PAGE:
Open Electrical Rate Data
There’s a simple solution to this: open electrical rate data. In addition to sending out an e-mail at 6 PM every day, Dominion could maintain a file on their server that provides machine-readable data about current and near-future power rates. It might look like this:
Right now, the closest that they get is a retrospective page, which has allotted space for the next day’s price (“Classification for tomorrow:”), but the page text ends with the colon—I’m yet to see that classification provided. [Hours after I published this, Dominion finally wrote something in that space, I assume prompted by the 90°F forecast.]
If this data was provided, it would be trivial to use it to enable home automation and energy management tools to schedule and control energy-intensive home services and appliances.
And, in fact, that’s a feature that Nest supports. The thermostat will dynamically adjust the temperature of a home during the highest-priced periods, generally very hot summer afternoons and very cold winter nights. But because precious few power companies provide the necessary data to support this feature, it’s not useful to most Nest customers. Nest doesn’t provide a comprehensive list of participating power companies, and after searching through their press releases and trying out a handful of ZIP codes from across the country in their form, I have to conclude it’s because there are very few participating power companies.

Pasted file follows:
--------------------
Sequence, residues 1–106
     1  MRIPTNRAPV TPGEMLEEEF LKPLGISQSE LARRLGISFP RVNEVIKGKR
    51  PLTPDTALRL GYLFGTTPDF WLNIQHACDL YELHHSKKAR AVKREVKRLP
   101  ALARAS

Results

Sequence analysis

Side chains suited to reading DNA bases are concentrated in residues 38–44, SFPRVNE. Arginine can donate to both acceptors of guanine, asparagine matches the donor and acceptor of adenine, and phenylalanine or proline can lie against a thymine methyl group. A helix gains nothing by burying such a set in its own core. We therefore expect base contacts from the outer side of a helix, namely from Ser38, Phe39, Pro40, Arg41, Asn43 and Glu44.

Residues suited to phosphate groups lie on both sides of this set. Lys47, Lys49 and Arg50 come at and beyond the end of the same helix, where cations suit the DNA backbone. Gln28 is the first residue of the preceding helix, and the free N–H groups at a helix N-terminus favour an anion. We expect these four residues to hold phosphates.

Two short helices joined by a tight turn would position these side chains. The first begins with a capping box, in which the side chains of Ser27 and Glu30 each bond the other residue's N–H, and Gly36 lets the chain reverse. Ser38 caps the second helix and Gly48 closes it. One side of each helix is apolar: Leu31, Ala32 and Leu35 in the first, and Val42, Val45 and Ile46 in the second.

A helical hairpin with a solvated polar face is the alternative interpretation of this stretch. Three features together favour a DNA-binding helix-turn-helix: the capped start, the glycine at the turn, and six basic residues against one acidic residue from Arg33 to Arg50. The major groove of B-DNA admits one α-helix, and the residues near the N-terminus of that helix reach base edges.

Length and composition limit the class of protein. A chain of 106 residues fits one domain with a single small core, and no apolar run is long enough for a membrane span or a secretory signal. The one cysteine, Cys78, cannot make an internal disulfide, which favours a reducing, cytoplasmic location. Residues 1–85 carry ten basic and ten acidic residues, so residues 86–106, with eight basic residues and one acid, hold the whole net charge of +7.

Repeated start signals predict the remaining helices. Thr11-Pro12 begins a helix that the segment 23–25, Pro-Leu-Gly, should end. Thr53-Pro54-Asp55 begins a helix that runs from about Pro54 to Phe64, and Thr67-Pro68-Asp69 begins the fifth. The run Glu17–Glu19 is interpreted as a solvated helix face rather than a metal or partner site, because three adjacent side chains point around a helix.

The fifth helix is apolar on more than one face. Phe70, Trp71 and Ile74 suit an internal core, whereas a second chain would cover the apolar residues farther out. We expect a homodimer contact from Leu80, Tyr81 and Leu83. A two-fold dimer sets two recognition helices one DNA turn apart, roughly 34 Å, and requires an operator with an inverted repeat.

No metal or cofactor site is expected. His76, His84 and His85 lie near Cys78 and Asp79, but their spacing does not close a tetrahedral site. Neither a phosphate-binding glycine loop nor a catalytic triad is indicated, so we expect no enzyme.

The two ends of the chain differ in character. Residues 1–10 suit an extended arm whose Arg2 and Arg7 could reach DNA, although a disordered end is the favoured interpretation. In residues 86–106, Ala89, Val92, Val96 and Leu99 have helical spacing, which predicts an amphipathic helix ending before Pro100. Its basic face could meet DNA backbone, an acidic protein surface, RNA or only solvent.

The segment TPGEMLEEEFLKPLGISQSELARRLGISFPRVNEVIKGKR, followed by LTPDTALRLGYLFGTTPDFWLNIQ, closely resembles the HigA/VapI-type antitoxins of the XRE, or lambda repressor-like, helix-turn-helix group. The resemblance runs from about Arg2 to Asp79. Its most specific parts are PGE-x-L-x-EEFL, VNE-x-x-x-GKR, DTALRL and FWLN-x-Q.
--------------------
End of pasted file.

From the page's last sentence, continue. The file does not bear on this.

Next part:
Publishing open electrical rate data is not difficult. If they can send out an e-mail, they can certainly update a JSON file. For a competent developer, it would be an afternoon project. A company that is capable of managing an entire electrical grid and the entire usage tracking and billing system that accompanies it is certainly capable of a tiny project like this.
I’ll warrant that Nest—which is owned by Google—is in a good position to establish a standard JSON schema for power companies to use. Some power companies would probably welcome being told what schema to use, giving them one fewer thing to worry about. Right now, it appears that Nest is basically taking any data that they can get. (It wouldn’t shock me to find out what they’re intercepting night-before e-mail alerts and using those to update thermostats with rate data.) Power companies are going to catch on to the enormous importance of rate data, and Nest has the first-mover advantage. I hope that Nest puts together an uncomplicated schema, advertises it on a developer page, encourages existing and new partners to publish in that schema, and eventually requires that participating power companies comply with their schema, assuming that they end up in a position where they can make such demands.